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Bay Park Fish Company

4121 Ashton Street, Bay Park




Bay Park. Whoever knew where that was? I’ve whisked past it a zillion times, driving with Hank up Interstate 5 or on the Coaster or aboard the Amtrak. Never even gave it a blink. I guess it’s another of those older communities that was smashed by the freeway, just like Little Italy. Now, it sits high and dry, forever cut off from Mission Bay.

Oh, man. It’s dark out, chilly, 7:30 p.m. Just got off the 105 bus. I’m heading for the Bay Park Fish Company’s lights. Place sits next to Juanita Franco’s dance studio, Academia de Baile Español. A sidewalk patio’s abuzz with people seated around glowing lights, under tall heaters, chowing away at large dishes of fish. Wine glasses clink and wink at you. I’m wondering if this is gonna blow my lighter-than-air wallet out of da water.

But, hey, I’m here and I’m hungry. I’m hoping for bargains. I head through the main eating area to a smaller room. The original restaurant, I bet, because I heard that when they opened in 2005, they started off small. The room has lots of photos of guys holding up four-foot-long halibut, tuna, shark. You name it, they’ve caught it. The tabletops are zinc, looks like, the walls painted teal blue, or else they’re unpainted gray cement block. Lights are those wire-protected deck lights, and there’s open ducting above. But the walls are rich with full-size stuffed specimens, like a blue-silver swordfish, an angry red rockfish, and a giant halibut — plus fishing bric-a-brac, from shark jaws to actual varnished-wood spearguns. There’s music, and the place is Friday-night crowded, noisy with chat and lots of laughs. You can tell: a big slice of San Diego has found its comfort zone here.

“One of the owners made those,” says Jeff, the hard-working manager, seeing me check out the spearguns. He says it’s busy like this most nights; they’ve already expanded twice. I grab a table and check out the menu. My heart sinks. Lobster with rice and beans, $36. Surf and Turf half-lobster and eight-ounce steak, plus mash and carrots, $45. Two lobster tacos? Twenty-six Washingtons. Then I see these are all in the “catch of the day” section. But even non-lobster items seem to be $18 to $30.

Let’s not panic, folks. I flip a page. Whew, cheaper. Items such as fish and chips, tacos, and tortas are all around the $10 mark. Panko-crusted halibut tacos are $10, and a caterpillar sushi roll with eel, cucumber, and avo on top will set you back $8. A spicy tuna roll’s $10. Six lemon-pepper Mexican white shrimp cost $10. Steamed local manila clams are $10, too.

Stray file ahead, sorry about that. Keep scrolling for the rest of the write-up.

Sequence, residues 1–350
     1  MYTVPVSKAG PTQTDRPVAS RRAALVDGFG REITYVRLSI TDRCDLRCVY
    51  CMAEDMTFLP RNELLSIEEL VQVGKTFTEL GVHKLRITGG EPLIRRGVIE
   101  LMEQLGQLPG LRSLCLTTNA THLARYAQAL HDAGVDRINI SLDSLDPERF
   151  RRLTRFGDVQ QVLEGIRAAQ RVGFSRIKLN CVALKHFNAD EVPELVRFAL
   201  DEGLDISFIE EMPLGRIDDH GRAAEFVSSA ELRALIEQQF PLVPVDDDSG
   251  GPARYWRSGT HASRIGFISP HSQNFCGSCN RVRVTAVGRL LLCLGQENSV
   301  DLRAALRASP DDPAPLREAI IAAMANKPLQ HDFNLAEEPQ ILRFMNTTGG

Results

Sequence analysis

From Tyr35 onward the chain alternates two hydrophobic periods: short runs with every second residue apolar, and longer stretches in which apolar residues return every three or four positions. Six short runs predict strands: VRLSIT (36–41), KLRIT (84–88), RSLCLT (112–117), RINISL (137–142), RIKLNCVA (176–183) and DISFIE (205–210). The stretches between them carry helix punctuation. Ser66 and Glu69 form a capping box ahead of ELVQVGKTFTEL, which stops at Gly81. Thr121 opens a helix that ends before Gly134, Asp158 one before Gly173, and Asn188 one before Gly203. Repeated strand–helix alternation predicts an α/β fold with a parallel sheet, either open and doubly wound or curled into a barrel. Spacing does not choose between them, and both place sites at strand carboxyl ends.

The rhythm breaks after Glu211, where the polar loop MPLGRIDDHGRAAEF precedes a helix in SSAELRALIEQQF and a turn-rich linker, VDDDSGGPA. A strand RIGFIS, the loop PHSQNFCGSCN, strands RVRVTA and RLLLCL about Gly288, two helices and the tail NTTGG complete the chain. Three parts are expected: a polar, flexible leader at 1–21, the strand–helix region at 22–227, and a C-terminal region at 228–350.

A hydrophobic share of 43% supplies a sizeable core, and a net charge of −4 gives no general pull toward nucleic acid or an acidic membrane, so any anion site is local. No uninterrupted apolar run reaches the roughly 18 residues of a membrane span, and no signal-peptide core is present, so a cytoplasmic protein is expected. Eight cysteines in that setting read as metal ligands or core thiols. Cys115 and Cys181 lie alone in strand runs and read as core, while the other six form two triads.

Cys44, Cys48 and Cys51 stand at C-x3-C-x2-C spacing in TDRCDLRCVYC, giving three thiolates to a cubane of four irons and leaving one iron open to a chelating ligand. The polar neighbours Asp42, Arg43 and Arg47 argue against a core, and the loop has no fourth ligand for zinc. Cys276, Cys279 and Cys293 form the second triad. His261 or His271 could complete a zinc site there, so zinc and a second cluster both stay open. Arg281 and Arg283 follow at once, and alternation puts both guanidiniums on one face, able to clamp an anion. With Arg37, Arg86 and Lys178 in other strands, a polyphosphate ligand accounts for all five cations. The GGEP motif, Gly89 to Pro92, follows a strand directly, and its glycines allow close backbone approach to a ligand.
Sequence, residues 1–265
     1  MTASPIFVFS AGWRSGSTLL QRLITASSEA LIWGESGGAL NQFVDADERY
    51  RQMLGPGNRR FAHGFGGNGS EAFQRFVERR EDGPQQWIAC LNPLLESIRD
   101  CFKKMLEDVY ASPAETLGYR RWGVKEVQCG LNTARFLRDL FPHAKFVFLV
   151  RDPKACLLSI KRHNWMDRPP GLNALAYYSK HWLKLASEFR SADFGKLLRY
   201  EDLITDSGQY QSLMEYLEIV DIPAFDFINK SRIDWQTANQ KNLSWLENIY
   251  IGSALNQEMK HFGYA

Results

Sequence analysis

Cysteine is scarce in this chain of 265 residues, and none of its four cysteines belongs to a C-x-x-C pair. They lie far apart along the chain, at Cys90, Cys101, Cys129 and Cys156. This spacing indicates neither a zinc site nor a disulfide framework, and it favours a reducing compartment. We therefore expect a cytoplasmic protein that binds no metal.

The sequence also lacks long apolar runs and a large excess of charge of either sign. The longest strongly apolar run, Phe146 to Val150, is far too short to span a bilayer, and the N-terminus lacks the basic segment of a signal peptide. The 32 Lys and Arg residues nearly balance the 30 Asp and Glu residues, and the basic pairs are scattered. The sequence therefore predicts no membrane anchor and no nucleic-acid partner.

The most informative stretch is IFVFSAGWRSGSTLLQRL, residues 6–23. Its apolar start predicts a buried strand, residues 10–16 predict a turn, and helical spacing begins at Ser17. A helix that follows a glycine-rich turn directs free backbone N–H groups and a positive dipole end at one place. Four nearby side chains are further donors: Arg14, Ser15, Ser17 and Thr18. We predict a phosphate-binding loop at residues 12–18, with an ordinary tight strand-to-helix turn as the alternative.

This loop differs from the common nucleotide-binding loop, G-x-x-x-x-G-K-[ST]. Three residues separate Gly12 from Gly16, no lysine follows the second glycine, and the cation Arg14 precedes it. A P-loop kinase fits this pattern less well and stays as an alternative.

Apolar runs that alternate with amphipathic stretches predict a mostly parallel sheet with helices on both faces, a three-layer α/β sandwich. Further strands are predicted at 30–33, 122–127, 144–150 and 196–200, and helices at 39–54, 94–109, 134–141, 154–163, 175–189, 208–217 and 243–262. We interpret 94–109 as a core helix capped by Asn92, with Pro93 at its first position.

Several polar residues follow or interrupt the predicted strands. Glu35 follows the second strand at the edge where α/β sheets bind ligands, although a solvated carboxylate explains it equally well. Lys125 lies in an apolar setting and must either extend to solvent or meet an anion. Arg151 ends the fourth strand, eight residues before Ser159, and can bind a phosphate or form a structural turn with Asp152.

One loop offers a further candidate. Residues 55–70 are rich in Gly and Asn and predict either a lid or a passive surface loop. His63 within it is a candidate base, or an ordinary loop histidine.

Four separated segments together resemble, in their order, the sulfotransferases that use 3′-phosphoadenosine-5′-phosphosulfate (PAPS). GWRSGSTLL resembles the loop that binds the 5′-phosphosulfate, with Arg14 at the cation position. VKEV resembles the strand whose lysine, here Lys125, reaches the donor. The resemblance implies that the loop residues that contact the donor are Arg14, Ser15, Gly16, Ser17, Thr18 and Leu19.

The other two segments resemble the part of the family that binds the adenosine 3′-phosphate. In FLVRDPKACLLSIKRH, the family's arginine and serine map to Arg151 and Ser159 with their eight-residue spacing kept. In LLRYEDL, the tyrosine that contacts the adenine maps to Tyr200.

“The thing about this place is everything is really fresh,” says Michelle, the waitress, when she comes to take my order. “The owners are totally local. Jerry Adams grew up here in Bay Park. He’s a fire captain in Del Mar. Marc Muller’s from La Jolla. They’re longtime fishing buddies. Always doing trips to Baja. Like that one now.”

A flat-screen video shows a guy with a pole fighting something big — all you see is his sweaty neck, a pole bent to a U, and giant splashes off the stern of a boat floating in lush, troppo waters, jungly island in the background. “So they know fish,” Michelle says. “You about ready yet?”

’Course I long to go for something exotic, like sweet Mexican scallops wrapped in bacon, served with a “Thai apricot glaze.” But at $28, no can do. Instead, heck, I start off with a soup: seafood stew. The small. Only $4! Can’t beat that (large is $7). When it comes, I can’t believe the variety they’ve packed in: mussels, and what Michelle points out as bits of mahi, salmon, swordfish, and tuna. It’s rich and reddish, and at its best when all soaked into a chunk of dipping bread. The large bowl would almost be enough, but I’ve spotted the tortas. They run from $8 to $12. Everything from swordfish ($10) to smoked-fish salad ($9). They even have a ground-chuck burger for $9. Then another server walks by with a “hali-boat,” a rack loaded with halibut sushi, baked halibut wrapped around rice balls, plus eel sauce ($14). But Michelle advises the grilled tuna and spicy crab torta ($12). I go for it, and, boy, is it dee-lish. It’s simple enough: slabs of tuna sitting on lettuce and tomato and avocado, and a wad of chopped crabmeat underneath. It’s really spicy, stuffed into a giant torta bun, with shoestring potatoes and red cabbage coleslaw barely fitting on the oval china plate.

So I’m scanning through the wine list (har de har — $30 to $40 per bottle, $7 or $8 for a glass) when I notice, in the half-bottle section, this Spanish “Brut Reserva Segura Viudas” sparkling white wine, $4. Four bucks! Nothing else is under $16. Even if it’s vinegar, it’s worth it just to pop the bottle.

Michelle comes and does the full opening ceremony. And guess what? It’s pretty darned okay. Sparkles up a storm, crackles down my throat, goes fine with the spicy-crab torta, and, well, it just looks good. “Man,” I’m gonna say to the lovely Carla, “fish ’n’ chips is one thing, but you haven’t lived till you’ve had fish ’n’ champagne.”

The Place: Bay Park Fish Company, 4121 Ashton Street, Bay Park, 619-276-3474
Type of Food: seafood
Prices: Seafood stew soup, $4 (small), $7 (large); swordfish torta, $10; smoked-fish salad torta, $9; fish and chips, $9; ground chuck burger, $9; “hali-boat” (rack of halibut sushi with rice, eel sauce), $14; grilled tuna and spicy crab torta, $12; two crusted halibut tacos, $10; caterpillar sushi roll (eel, crab, cucumber, avo) $12; spicy tuna roll, $8; six lemon pepper white shrimp, $10; steamed local manila clams, $10; lobster (in season) with rice, beans, $36; Surf and Turf half-lobster, eight-ounce steak, mash, carrots, $45
Hours: 11:00 a.m.–9:00 p.m., daily; happy hour, 3:00–5:00 p.m., daily
Bus: 105
Nearest Bus Stops: Morena Boulevard at Ashton Street

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